It will not have SSD speed for video files. The trick on drives like these is that they cache frequently used files on the smaller and faster SSD portion, leaving infrequently used files on the larger and slower mechanical portion. You won't have room in the fast portion for all your media.

Keeping the project file on the same drive as media was a good idea years ago, but it's not a practical concern in 2013.


[Umyd Annaniaz] "Which screen shall I choose: some say go for "17.3 inch Full HD Non-Glare - 72% Gamut (AUO B173HW01 V4)" and some say "17.3 inch Full HD Glare - 90% Gamut (AUO B173HW01 V5)"."

I've never seen a glossy screen actually called "Glare." Is that referring to an anti-glare coating? In other words, does it actually mean the opposite of what it suggests?

Walter Soyka
Principal & Designer at Keen Live
Motion Graphics, Widescreen Events, Presentation Design, and Consulting
RenderBreak Blog - What I'm thinking when my workstation's thinking
Creative Cow Forum Host: Live & Stage Events


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Ivan MylesRe: Optimum laptop specs for video production
by on Jul 19, 2013 at 3:57:13 pm

I agree with the previous comments. Here are some additional thoughts:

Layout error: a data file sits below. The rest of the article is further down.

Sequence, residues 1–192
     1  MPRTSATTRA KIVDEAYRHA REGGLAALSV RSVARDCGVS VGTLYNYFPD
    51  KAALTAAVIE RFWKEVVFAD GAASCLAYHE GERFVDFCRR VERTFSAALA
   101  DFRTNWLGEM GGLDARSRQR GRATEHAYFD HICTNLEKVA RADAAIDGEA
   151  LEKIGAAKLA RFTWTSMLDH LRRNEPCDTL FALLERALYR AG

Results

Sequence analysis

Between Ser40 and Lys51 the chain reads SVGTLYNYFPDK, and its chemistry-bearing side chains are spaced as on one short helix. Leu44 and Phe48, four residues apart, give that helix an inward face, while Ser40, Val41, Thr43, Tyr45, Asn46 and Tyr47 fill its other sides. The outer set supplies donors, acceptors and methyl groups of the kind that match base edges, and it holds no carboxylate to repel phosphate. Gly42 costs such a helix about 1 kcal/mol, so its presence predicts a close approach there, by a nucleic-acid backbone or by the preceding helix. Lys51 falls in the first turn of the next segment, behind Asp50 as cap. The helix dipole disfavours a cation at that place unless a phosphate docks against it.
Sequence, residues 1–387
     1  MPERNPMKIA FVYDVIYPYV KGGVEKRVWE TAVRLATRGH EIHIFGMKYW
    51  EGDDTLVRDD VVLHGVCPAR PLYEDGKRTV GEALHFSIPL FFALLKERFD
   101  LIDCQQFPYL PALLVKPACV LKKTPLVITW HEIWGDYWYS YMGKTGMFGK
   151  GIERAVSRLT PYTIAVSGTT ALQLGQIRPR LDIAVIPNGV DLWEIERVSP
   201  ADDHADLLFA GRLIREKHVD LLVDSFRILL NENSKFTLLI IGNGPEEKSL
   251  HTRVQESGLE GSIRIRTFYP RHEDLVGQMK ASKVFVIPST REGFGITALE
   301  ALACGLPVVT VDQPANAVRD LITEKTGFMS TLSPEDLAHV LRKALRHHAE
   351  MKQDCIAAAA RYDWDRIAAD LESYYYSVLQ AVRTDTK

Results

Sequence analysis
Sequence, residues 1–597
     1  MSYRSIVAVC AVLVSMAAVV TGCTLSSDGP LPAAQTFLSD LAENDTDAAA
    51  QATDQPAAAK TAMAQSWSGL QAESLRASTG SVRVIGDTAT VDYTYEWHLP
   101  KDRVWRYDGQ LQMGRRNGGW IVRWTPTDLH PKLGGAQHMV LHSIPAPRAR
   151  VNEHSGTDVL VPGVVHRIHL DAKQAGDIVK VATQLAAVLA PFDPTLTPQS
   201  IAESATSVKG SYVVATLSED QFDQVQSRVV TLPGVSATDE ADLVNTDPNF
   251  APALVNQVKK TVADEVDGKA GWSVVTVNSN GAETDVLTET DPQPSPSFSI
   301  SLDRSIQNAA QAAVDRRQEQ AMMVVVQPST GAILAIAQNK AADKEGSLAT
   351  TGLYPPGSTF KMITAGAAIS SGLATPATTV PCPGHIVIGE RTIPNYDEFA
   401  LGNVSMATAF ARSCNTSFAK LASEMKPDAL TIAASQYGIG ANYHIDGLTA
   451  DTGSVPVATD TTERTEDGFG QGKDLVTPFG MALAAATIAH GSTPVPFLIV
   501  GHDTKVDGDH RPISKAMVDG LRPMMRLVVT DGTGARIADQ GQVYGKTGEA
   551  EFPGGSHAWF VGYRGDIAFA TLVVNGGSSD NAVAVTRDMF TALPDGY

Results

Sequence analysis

- The Samsung 840 Pro is a good choice.

- mSATA SSDs function like SSDs but have a form factor similar to mini-PCIE cards. Use one slot for Adobe cache files. Whether or not to populate the second slot depends on several factors (budget, accessibility, typical usage scenarios, HDD or SSD file storage).

- If it is within budget, think about installing a 960GB SSD instead of a 1TB platter drive. (Crucial offers one for about US$600.) If you go HDD, populate the second mSATA slot with a 240GB SSD for current files.

- 32GB RAM might be overkill unless you are doing intensive AE compositions. It's the easiest hardware upgrade to make, so you might think about starting with 16GB. Put the money to a GPU or SSD upgrade instead. But if you have the budget, 32GB is great.

- The 770M graphics card should be fine. Consider the 780M if you plan to keep the laptop for a few years because it's difficult to upgrade the GPU later.

- I'd recommend the Intel Wireless-AC 7260. Consider upgrading your wireless router to dual-band AC, too.

- Matte versus glossy display is a personal choice. The tradeoff is pretty straight-forward: glossy provides clearer images but higher reflectivity. It might not make much difference if you plan to use an external monitor(s).

- Get some data backup hardware, whether NAS or just external USB3.0/eSATA drives.

Overall it looks like a great system. Good luck with the purchase.


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Umyd AnnaniazRe: Optimum laptop specs for video production
by on Jul 25, 2013 at 1:56:07 pm

Thanks so much Ivan and Walter.
you folks are very helpful.
much appreciated


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Umyd AnnaniazRe: Optimum laptop specs for video production
by on Jul 25, 2013 at 1:42:08 pm

"I've never seen a glossy screen actually called "Glare." Is that referring to an anti-glare coating? In other words, does it actually mean the opposite of what it suggests?"

Thanks for your reply.
I assume when they say "non-Glare" the coating is applied. So no, I'd say it just means what it suggests.